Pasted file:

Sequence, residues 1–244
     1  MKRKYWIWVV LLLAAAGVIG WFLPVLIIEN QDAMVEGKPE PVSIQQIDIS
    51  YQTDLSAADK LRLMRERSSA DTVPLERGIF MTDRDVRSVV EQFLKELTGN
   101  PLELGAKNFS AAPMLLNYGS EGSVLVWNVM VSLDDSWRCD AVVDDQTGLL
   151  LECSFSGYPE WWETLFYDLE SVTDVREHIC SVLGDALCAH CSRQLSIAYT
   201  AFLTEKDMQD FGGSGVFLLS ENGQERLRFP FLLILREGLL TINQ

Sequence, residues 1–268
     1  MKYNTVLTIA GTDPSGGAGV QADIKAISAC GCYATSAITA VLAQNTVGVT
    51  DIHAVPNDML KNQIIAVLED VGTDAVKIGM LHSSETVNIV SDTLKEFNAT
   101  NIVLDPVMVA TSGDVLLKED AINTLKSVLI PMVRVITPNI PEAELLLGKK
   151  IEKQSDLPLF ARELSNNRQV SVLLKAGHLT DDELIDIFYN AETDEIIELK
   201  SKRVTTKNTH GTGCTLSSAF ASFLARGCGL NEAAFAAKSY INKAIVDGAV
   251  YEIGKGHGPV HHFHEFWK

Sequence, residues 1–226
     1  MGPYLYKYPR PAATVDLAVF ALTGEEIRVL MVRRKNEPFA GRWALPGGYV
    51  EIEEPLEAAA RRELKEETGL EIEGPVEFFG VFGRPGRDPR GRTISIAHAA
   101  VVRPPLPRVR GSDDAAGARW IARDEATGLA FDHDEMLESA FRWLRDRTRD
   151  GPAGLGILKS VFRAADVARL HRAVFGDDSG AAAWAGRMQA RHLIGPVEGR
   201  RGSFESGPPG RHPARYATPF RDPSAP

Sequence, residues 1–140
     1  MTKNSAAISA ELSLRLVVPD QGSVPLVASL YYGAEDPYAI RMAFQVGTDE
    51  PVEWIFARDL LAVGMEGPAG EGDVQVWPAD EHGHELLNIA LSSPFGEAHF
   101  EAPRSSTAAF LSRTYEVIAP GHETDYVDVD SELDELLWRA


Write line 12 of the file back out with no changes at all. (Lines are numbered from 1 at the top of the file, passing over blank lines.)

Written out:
   201  SKRVTTKNTH GTGCTLSSAF ASFLARGCGL NEAAFAAKSY INKAIVDGAV